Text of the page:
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Some things are worth more than money. Or pizza.

Sometime yesterday, fat nasty flakes mixed with misty rain descended upon the tiny hamlets of Omaha and Council Bluffs. Princess #3 was pattering around the shop where I work full-time. Her sisters were watching Ella Enchanted while I finished some computer reloads. Half-melted kit-kat plastered itself in layers to parts of her coat while she cried, smiled, sneezed and whined while eating the delicious tidbit. I knew it was time to go home.

The flakes started to get fatter. Not majority-of-Americans fat. More like Truffle Shuffle fat.

I appreciated the increase in fatness. See, I can’t figure out why the motor on my wiper fluid doesn’t work. There’s an electrical short somewhere. I can’t spray fluid. I must wait for it to Shuffle down from the heavens.

And boy did it shuffle. Then it changed to the most beautiful powder I’ve seen since Beaver Mountain. Overnight we got 9”. I know it’s 9” because I took the girls’ sled out after they went in to warm up.

No I did not frolic and dance in the snow like my concuñada’s dog. Let me explain.

I found a nice place in the back yard with a decline. I put the hot-pink circle sled into the snow and truffle-shuffled my way into a cross-legged position. I tried to shimmy down the hill.

It didn’t work. I needed momentum.

I stood up, held the sled in front of me. I calculated my trajectory. I envisioned the success of sliding down our yard-hill to the street. Didn’t occur to me to weigh the pros and cons. Ironic that one of the cons is my weight.

I leaned in. I jumped head-first. I hit the sled, sunk 9” down, and slid no inches forward.

“I give up,” I said. Out loud. To myself. I went inside.

They called Church on a snow day. I got permission from the Bishop to do the Sacrament in our home. I was sitting in the chair in front of my computer collecting my bruised ego when my wife let me know that one pizza place had called.

I checked my phone. One voicemail. I dialed the number to check it and held it to my ear.

“Hey Tony, I know you don’t usually work on Sundays,” Cap’n’s voice chimed, “but I could really use the help. Yesterday was chaos and today is fixing to be the same. Call me as soon as you get this. Thanks.”

My stomach sank. I had worked Sundays for years when Meredith and I first married. That was a thorn in my side. I had to at the time, but never wanted to. I had no choice.

But did I?

No, I didn’t. Had to support the family, options were too limited. I tried to examine other, Sabbath-friendly options.

But did I try hard enough?

Thus I go, back and forth, even now. Even though I haven’t been required to work Sundays for years, I still wonder about that time.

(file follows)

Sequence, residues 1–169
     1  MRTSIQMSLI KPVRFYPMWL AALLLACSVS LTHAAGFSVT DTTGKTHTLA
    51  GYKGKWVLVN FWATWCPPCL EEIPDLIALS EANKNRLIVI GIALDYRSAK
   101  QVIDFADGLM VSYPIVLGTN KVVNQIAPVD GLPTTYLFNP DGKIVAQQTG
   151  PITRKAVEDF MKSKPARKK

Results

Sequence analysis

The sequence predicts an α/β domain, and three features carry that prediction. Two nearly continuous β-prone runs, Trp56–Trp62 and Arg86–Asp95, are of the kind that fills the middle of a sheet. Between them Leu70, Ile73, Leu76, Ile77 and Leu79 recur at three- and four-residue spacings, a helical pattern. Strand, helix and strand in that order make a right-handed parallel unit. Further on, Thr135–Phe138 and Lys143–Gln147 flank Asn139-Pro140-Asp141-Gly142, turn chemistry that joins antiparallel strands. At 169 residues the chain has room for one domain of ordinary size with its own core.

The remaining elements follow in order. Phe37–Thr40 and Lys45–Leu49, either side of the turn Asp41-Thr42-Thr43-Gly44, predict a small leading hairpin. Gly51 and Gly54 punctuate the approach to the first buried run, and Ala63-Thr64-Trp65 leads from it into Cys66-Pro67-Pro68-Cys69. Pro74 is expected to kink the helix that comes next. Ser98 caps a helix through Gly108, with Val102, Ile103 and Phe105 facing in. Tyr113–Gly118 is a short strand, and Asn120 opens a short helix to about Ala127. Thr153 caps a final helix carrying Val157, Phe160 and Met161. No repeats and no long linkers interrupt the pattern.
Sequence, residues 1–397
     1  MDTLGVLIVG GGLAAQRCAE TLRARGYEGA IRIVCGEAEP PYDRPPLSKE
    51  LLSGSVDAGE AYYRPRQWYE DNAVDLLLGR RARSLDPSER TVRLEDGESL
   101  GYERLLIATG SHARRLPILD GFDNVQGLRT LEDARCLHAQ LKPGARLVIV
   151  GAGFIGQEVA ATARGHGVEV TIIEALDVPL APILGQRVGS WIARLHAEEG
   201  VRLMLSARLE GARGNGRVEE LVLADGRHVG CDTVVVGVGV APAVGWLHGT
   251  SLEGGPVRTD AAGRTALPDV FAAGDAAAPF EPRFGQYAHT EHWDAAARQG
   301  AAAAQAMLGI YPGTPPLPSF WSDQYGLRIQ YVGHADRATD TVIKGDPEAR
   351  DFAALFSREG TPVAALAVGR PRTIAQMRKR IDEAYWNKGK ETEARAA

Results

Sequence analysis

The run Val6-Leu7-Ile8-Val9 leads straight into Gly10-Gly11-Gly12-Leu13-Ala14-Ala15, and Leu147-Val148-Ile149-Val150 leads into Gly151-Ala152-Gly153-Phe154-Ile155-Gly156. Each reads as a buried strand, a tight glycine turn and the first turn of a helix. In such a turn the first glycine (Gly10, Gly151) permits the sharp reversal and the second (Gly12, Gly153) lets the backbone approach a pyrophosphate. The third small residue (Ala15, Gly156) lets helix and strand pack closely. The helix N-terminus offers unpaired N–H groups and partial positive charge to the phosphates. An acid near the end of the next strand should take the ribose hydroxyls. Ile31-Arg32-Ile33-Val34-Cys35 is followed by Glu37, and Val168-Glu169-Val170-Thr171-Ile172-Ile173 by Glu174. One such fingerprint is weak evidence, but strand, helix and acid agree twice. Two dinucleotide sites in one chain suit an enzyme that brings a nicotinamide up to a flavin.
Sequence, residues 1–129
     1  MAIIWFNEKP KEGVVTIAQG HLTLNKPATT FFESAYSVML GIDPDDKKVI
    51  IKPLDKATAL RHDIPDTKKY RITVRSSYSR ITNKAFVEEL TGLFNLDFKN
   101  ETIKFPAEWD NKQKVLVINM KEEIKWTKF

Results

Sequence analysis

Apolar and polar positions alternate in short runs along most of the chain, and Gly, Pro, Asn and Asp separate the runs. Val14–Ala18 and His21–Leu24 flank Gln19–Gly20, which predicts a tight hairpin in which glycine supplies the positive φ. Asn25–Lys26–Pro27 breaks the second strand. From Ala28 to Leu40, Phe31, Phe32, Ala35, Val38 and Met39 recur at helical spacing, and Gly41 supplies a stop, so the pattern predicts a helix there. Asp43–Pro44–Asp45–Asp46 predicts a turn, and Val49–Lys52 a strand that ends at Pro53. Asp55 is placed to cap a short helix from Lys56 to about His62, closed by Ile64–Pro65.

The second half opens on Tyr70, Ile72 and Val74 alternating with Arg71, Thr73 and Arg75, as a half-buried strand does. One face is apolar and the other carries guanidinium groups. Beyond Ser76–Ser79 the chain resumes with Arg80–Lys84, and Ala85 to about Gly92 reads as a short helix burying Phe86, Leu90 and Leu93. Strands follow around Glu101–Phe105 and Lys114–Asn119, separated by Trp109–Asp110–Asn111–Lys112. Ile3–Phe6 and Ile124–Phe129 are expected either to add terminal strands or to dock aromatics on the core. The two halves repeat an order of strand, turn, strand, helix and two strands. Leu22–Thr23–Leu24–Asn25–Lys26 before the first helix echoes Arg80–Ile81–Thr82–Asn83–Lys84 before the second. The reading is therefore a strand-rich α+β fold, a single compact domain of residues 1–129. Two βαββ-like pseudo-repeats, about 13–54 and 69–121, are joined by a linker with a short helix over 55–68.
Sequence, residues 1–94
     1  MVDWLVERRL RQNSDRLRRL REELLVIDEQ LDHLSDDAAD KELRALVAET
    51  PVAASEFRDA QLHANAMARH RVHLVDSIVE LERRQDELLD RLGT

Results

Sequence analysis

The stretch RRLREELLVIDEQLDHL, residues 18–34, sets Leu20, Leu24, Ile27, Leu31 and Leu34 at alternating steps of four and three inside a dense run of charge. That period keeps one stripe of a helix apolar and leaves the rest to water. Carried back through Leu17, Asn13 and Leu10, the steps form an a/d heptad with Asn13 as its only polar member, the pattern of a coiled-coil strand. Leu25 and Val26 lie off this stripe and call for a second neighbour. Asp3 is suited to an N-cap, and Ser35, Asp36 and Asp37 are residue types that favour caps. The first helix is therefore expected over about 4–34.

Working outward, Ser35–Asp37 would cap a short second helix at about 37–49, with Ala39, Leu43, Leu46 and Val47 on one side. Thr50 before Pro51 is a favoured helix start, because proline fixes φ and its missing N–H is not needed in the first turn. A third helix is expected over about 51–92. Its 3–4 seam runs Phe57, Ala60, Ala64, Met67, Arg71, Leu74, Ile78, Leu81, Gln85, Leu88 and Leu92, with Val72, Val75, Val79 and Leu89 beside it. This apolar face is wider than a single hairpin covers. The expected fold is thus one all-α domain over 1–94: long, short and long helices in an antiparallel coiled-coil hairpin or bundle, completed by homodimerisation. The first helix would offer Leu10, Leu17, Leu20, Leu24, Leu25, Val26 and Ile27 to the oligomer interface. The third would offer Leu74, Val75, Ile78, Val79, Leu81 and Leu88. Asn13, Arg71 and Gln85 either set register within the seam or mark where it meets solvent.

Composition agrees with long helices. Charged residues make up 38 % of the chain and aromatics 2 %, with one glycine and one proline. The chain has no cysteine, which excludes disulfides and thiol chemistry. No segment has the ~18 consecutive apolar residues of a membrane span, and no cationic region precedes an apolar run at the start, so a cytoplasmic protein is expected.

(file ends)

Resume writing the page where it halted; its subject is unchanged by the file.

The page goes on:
Today’s situation was tough. I wasn’t required to work. Nope. On the contrary. I had a woman I respected asking for help. She wasn’t promising riches or touting amazing business. She sounded desperate and exhausted on the phone. She was frozen-fingered and stranded trying to fix a tire with too little help on the side of the freezing, snowed-in, crazy Super Bowl pizza highway.

I shared my indecision with my wife. She suggested I pray about it, so I did.

On one hand, I had my covenants. I had promised to keep the Sabbath day holy to the extent possible. I had years of experience where employment restricted me from NOT working on Sundays.

“But you would be doing Cap’n a favor,” one shoulder angel said.

My shoulder angels aren’t a devil and an angel. They tend to just be a couple of dudes that you’d game with: disconnected most of the time, then wise in a strange way when advice is needed.

I went back and forth with myself for a solid quarter hour before deciding that there are things more important that pizza, or money. There are things I want to support on Sunday. One of them is Cap’n, as a friend. But not business. Not consumerism.

I called and left Cap’n a message declining to work.

I hope God in all his awesomeness did something for that career woman. I asked Him to a bunch of times. Many of you would have chosen differently. I don’t know whether the right choice for me after I wrestle with my mind before God is a universal right choice for everyone. I don’t think so. But I don’t know.

What I do know is that our time, like our money, does not belong to us. We are stewards. And that stewardship is fraught with freedoms beyond our wildest dreams. There is also a promise, that if we exercise that stewardship of time and money within a certain set of rules, that freedom will only expand. One of those rules is that we refrain from money making one day in seven.

It made no financial sense to the physical me to skip that shift. I could have made $100-$200 easy. When I asked whether the Friday after Christmas was the busiest of the cheese-gluten season, I was told no. The Super Bowl is. That made sense to physical me.

But I’m not here to listen to physical me. I’m going to do my best to listen to spiritual me. That dude says, “Yeah, you might have made that money, but you would have lost things you can’t see.”

There are things more important than money.

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